Tuesday, February 9, 2016

February Reads Part One

The Bohr Maker by Linda Nagata
Silver Screen by Justina Robson
Elric of Melniboné by Michael Moorcock
Giovanni's Room by James Baldwin

Elric of Melniboné was quite good. I am not a reader of fantasy. I generally loathe high fantasy, especially works from the Tolkien paradigm. I find the obsession over kings and swords and armies to be weird and off-putting. Fantasy seems oddly myopic and provincial; there's an infinity of possibilities and yet all we can manage to imagine is the same group of white people warring over a throne. Perhaps there exists a better example of white nerd culture's lack of imagination but I can't think of anything better than high fantasy. Moorcock's longrunning series Elric starts with some novellas or novellettes (or whatever cutesy term marketing comes up with) but I have opted to begin with the first novel, Elric of Melniboné. As I am not a connoisseur of fantasy, I did need some acclimatization. Especially since Moorcock's acknowledgements includes a nod to Brecht.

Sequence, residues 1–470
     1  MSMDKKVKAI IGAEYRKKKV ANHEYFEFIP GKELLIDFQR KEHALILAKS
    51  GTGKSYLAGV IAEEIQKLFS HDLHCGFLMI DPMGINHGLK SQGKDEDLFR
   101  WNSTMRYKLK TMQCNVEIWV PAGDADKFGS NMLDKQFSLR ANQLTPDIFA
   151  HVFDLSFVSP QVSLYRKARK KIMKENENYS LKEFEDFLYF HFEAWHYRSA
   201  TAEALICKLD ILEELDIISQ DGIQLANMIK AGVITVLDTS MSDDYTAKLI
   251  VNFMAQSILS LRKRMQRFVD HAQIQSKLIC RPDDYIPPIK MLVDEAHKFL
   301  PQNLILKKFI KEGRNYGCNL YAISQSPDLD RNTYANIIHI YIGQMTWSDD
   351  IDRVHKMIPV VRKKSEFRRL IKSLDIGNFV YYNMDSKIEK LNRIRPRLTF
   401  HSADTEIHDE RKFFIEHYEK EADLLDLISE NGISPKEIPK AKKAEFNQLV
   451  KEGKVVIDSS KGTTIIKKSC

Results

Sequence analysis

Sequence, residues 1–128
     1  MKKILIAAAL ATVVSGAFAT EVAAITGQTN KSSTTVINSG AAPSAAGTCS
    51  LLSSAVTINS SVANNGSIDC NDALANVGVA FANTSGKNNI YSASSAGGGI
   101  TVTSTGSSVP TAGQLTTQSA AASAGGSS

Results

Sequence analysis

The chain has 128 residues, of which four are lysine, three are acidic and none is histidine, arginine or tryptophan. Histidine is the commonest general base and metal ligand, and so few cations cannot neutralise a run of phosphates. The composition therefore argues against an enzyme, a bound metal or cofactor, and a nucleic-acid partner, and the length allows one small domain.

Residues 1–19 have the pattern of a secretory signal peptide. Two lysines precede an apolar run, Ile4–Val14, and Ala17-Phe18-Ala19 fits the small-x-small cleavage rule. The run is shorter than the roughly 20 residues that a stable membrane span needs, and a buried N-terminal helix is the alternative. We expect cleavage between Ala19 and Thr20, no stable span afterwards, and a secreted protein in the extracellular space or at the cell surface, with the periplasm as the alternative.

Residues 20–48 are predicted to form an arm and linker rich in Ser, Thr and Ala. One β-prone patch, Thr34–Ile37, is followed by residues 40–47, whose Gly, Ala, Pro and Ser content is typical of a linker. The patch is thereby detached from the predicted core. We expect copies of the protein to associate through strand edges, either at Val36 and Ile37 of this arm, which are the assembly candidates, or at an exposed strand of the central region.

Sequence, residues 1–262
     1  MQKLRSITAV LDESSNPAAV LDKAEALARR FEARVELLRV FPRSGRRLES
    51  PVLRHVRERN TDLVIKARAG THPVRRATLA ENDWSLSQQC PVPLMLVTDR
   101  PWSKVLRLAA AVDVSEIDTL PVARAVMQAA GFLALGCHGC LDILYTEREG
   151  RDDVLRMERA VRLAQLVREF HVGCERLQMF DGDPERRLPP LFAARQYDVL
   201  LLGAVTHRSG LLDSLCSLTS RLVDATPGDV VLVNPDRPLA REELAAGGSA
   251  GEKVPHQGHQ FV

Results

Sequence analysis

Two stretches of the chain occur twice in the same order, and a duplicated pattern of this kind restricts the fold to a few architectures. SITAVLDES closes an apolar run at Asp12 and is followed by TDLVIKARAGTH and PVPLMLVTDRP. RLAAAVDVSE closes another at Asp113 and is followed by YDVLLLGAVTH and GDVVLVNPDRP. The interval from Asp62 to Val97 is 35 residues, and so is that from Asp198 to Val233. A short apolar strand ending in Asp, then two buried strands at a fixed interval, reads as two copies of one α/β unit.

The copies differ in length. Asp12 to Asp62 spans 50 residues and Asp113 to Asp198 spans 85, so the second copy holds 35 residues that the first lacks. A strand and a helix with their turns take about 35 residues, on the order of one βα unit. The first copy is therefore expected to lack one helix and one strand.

Moorcock seems to understand my hesitation and provides some intermittently gorgeous prose to bring the reader into the world he has built. This is all subterfuge of course, as the Brechtian influences impress upon the attentive reader almost immediately. Moorcock is working within the classic "cognitive estrangement" mode of fantastic writing. The reader is faced with a world not unlike a medieval past we are familiar with, but slowly Moorcock strips away the meaningfulness, heading closer to an abstraction. Todorov writes of the "fantastic marvelous" in which the laws that govern our reality must be reorganized to fit the novum (if I might mix up my theorists a smidge). As Elric quests further and further for revenge, the laws of reality he encounter abstract more and more, until he is armed with a sentient sword, fighting an uncanny double armed with the sword's twin. The sentience of the sword is never in doubt, as Elric must fight for control over it. The figure of the sword, we might agree, is a representation of the will of the character. It is the steely literalization of their instincts etc. In other words, the sword is the id, Elric's moralizing non-Melniboné nature is the super-ego, and this battle between the two is Elric's ego.

Elric is an anti-Conan in that he is governed by his ego, he is effeminate yet powerful, brooding, self-reflective, concerned by morality and ethics, and fears his own power. He is not the embodiment of power, like Conan or other heroic fantasies. His power is of a different nature. Moorcock, cognizant of storytelling structures, models Elric partly on the Trickster figure, partly on the doomed hero. The overall feeling tone of the adventure is thus of melancholia. Moorcock's Elric mourns for an unarticulated futurity, a structure of feeling different from that which Melniboné declines.